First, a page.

In essence, under a dynamic model, processes are continually adjusted based on an analysis of context-specific failures and successes to ensure that each and every step contributes to positive results with the situation at hand. To accomplish this, an analytics system provides feedback every step of the way, making it possible to make real-time process improvements that positively change outcomes. For example, when a staff member comes to “step 3” of a standardized process, he might decide to modify this step based on the knowledge from the analysis that indicates that this step will result in failure in the situation at hand. As a result, the BPO organization is increasing its chances for success by dynamically avoiding context-specific failures and e mulating b est p ractices. B y comparison, improvements in a static business process typically are only implemented periodically -once a year or once a quarter - based on anecdotal feedback from clients.
Case in Point
The following example illustrates how a dynamic process could lead to better outcomes than a static process for a healthcare BPO:
Call center staff members frequently are tasked with patient outreach tasks to encourage specific behaviors such as medication adherence. Under the traditional, static process, the scenario might play out as follows: The call center specialist accesses the patient’s name, background, phone number and a script for the call. The call center representative calls the patient and leaves a voice mail message per the script. The patient either does not get the voicemail or does not act upon the voicemail.
So, the behavior change does not materialize, and the patient does not take his medication. The call center specialist closes the case by saying that it was successfully completed, yet the desired outcome was not achieved.
With a dynamic, analytics-based process in place, though, the call center specialist would be alerted to the fact that the patient is 70-years-old and patients of this age are not likely to answer calls after 8 p.m. So, when the operator goes to make the call, the analytics system could prompt a message that says "Typically, patients of this kind will not be available for you. This call may not be so successful, though you will be able to leave a voicemail, the behavioral change is zero percent, so do not make this call."With such analysis in hand, the call center operator will use discretion to make the call at a more advantageous time - greatly increasing the chances for a positive outcome.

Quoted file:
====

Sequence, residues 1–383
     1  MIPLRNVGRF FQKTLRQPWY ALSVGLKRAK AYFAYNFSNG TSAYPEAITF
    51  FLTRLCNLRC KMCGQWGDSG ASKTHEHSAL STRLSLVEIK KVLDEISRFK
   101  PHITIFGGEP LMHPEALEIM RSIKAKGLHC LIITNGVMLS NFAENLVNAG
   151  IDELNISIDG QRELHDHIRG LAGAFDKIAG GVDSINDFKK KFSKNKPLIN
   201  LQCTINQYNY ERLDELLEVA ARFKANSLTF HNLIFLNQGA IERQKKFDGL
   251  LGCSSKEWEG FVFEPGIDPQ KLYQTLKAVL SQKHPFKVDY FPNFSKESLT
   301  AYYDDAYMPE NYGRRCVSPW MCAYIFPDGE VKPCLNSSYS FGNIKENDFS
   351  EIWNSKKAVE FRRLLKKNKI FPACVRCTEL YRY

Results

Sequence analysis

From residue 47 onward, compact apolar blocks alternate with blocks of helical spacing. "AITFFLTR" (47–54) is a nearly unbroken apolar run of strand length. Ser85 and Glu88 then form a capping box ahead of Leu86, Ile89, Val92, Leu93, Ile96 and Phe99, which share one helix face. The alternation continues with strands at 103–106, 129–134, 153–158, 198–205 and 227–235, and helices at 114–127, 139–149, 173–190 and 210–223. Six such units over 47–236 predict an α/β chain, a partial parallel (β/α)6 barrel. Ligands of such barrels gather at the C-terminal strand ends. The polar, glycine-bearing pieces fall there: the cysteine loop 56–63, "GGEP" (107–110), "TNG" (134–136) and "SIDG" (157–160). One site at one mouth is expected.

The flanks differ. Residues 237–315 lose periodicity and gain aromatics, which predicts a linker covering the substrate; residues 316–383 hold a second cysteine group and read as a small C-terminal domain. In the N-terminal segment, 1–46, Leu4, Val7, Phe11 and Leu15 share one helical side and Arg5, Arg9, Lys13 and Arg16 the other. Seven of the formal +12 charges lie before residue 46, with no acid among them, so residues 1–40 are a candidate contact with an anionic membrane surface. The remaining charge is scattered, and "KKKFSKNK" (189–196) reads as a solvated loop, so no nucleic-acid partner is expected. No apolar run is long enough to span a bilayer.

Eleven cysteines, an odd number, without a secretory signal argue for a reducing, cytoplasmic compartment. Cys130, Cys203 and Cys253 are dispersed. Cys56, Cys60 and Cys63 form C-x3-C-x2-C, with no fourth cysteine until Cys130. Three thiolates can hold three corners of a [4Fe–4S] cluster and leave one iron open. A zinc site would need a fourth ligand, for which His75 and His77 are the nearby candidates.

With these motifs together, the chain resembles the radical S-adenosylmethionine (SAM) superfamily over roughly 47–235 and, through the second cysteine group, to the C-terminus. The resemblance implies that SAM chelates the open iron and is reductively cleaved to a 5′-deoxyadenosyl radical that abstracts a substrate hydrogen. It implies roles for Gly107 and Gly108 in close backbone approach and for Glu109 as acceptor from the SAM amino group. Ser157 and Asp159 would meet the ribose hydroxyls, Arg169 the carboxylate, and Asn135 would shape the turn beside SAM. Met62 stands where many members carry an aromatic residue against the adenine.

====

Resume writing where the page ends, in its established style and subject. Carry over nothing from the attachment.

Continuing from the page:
A dynamic process can also help BPO organizations operate more efficiently with limited resources. For example, when a BPO company is working on behalf of a health plan and trying to determine if a patient who had a head injury should be covered by a third party, the analytics system could determine if, based on the codes involved, the case is worth pursuing. The historical analysis might indicate that when diabetic patients older than 60 are involved in these types of situations, health plans never win the cases. As such, staff members would not take the time to pursue the case. Similarly, when health plans are looking to audit providers to ensure they are billing correctly, the system could analyze various attributes – doctor’s specialty, practice location and service offerings - to determine if the audit would be worth the effort.
Indeed, by using analytics to support dynamic processes, healthcare BPO organizations can not only learn from their failures but also apply these lessons at every turn, making it possible to continually improve performance. And, that is an outcome that a business icon such as Forbes would most certainly define as a success.